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Old 07-01-2007, 09:18 PM   #1
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Default cider with a juicer

So I've been contemplating a cider for a while.

About how many apples would be required for a 5 gallon batch? I know it will vary with type and size of apples as well as growing conditions, just a general idea.
I was considering using a juicer.
Opinions, options?


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Old 07-01-2007, 10:41 PM   #2
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I have no clue how many apples would be required to make 5 gallons of cider. Like you, I have thought about using my juicer to make cider but I think it would take a LONG time to make enough juice for 5 gallons. Maybe make a 1 gallon batch and see how it turns out?


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Old 07-01-2007, 11:20 PM   #3
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This site says you'll get 60-75% yield from a cider press (a juicer would presumably be more efficient than a press...not sure what the issues are, though). So, assuming apple juice weighs roughly 8 lbs per gallon, you'd need around 50 lbs of apples to make 5 gallons of cider.

http://www.ukcider.co.uk/wiki/index....der_makers_FAQ
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Old 07-02-2007, 12:07 AM   #4
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Quote:
Originally Posted by Yuri_Rage
This site says you'll get 60-75% yield from a cider press (a juicer would presumably be more efficient than a press...not sure what the issues are, though). So, assuming apple juice weighs roughly 8 lbs per gallon, you'd need around 50 lbs of apples to make 5 gallons of cider.

http://www.ukcider.co.uk/wiki/index....der_makers_FAQ

I always read figures like that and wonder how in the hell juice ever makes it to the grocery store for $2 per gallon.
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Old 07-02-2007, 04:52 AM   #5
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RichBrewer: you have any apple orchards around there? If so check them out in the fall and see if you can get a few gallons of fresh stuff when they are pressing. That's my plan at least, but I admit that Colorado likely has fewer orchards than Michigan .
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Old 07-02-2007, 08:25 AM   #6
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Quote:
Originally Posted by RadicalEd
RichBrewer: you have any apple orchards around there? If so check them out in the fall and see if you can get a few gallons of fresh stuff when they are pressing. That's my plan at least, but I admit that Colorado likely has fewer orchards than Michigan .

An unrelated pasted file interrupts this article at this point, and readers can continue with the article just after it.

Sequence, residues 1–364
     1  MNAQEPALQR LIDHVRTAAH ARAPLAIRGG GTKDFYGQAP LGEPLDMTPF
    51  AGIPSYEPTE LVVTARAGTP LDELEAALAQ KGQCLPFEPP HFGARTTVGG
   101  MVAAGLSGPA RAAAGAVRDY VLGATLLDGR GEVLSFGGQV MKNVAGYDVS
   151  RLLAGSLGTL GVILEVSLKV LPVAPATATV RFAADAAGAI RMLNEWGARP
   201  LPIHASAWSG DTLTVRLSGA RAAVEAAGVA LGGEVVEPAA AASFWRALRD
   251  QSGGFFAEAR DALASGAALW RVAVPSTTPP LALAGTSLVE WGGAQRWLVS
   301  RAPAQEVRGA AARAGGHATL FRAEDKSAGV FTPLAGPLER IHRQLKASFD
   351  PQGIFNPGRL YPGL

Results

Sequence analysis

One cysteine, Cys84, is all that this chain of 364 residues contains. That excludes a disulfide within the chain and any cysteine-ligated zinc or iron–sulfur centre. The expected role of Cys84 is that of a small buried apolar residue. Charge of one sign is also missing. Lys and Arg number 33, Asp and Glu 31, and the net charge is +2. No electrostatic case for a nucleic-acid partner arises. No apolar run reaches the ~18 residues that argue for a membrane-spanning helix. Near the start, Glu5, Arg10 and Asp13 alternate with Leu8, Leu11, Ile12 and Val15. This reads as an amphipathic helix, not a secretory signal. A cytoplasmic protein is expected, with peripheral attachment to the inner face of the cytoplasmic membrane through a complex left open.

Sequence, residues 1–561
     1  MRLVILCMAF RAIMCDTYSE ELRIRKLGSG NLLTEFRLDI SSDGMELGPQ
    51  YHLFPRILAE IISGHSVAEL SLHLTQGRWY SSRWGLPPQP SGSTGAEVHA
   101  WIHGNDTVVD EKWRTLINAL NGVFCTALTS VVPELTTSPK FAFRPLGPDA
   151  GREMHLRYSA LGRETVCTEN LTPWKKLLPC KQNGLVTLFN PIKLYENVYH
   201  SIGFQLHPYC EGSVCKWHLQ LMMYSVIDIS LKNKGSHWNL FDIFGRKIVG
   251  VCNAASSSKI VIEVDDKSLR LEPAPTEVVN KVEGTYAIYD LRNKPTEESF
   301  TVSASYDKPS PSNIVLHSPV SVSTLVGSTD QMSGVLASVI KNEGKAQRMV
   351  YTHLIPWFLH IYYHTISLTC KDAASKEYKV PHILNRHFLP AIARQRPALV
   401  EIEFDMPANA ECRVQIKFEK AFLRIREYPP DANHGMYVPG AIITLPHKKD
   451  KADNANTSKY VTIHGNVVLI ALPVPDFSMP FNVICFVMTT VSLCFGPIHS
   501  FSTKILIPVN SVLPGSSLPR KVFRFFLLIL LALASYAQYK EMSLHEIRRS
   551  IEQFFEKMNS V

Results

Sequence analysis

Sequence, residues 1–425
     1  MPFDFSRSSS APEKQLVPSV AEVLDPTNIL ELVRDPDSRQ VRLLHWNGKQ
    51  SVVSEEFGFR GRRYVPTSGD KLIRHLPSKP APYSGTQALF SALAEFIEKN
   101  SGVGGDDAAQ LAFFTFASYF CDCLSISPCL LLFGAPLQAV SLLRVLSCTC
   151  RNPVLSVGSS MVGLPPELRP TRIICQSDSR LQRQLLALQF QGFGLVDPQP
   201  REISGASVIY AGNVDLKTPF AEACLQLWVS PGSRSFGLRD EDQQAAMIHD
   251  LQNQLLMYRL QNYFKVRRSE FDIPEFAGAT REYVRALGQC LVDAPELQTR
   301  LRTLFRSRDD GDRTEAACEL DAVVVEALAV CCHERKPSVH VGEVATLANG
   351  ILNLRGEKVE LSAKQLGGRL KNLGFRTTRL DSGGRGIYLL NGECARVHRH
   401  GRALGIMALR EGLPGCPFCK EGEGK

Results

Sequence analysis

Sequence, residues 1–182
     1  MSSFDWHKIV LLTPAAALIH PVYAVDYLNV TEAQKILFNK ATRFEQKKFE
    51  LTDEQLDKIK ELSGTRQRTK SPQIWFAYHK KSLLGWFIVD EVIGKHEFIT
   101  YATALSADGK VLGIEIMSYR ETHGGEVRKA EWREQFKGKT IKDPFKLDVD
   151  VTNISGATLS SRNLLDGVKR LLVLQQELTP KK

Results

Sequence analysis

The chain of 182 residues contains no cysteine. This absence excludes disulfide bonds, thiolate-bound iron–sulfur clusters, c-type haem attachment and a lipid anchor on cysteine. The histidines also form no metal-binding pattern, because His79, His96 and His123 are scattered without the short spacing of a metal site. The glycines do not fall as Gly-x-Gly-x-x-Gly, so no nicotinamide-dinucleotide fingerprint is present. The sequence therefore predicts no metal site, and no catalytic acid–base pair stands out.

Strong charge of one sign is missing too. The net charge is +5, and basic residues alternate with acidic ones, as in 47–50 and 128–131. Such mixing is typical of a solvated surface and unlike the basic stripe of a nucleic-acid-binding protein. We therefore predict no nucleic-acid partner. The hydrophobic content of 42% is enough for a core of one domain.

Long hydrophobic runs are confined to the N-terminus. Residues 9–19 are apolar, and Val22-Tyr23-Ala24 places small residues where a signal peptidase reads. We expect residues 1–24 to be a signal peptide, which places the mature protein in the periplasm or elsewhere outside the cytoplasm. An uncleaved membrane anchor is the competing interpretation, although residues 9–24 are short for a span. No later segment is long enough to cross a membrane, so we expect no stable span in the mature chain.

We actually have a lot of orchards but most of them are on the other side of the state on the western slope. I think i will scour farmer's markets and the like to see if I can find some this fall.
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Old 07-02-2007, 01:35 PM   #7
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I've been contemplating using a juicer to provide maybe a half gallon or gallon of juice to add to storebought soft cider.

My understanding is that the kinds of apples used to make soft cider are sweeter than what you would ideally use for hard cider. If we juice some tart apples maybe we can compensate a bit?

The other thing we're looking forward to is taking empty carboys to an orchard in the fall!
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Old 07-23-2007, 06:06 AM   #8
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I'm not sure if this is too late or not, but just a little info for all ya'll in this thread...

A bushel of apples is 42-48 pounds, depending on size, shape, etc.

"Normal" grinding and pressing yields approx. 3 gallons per bushel...

I'm not sure if you'll get more yield out of a juicer or not, but those 2 figures should help a little. I luckily have several apple trees on my property, and within walking distance.

Reason: spelling...
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Old 07-23-2007, 03:34 PM   #9
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Has anyone tried useing a food mill? It would put a lot of pulp in but the only thing left over would be seeds and skin.
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Old 08-19-2015, 06:56 PM   #10
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Quote:
Originally Posted by Chibeast View Post
Has anyone tried useing a food mill? It would put a lot of pulp in but the only thing left over would be seeds and skin.
I once used a liquidiser to break up the apples and then used a food mill to filter the result. Unfortunately the apple pulps had broken up too much so the food mill passed lots of pulp, while the discarded "solids" were still very wet. More solids then separated out in the demijohn during fermentation. (That might have added to the flavour, but you could just add pulp if you want to do that.)

The food mill has similar sized holes to a juicer so it might be possible if you found a way to break up the apples enough that the food mill can cope - you don't want to break it - but without turning them into a purée. Perhaps slicing them very thinly would work, but I didn't try that.

(My food mill is designed to fit over a bowl so I had to squeeze the juice into that and then pour it into the demijohn; that plus the nature of the food mill leads to more oxidation than some other methods.)

You have to keep reversing the handle and removing the dry pulp by hand, which is a pain so I would avoid the food mill for that reason.

This year I used a masticating juicer and it extracted about 3/4 of the weight in juice leaving a reasonably dry pulp. The apples only needed slicing and not crushing first so it was a lot easier.


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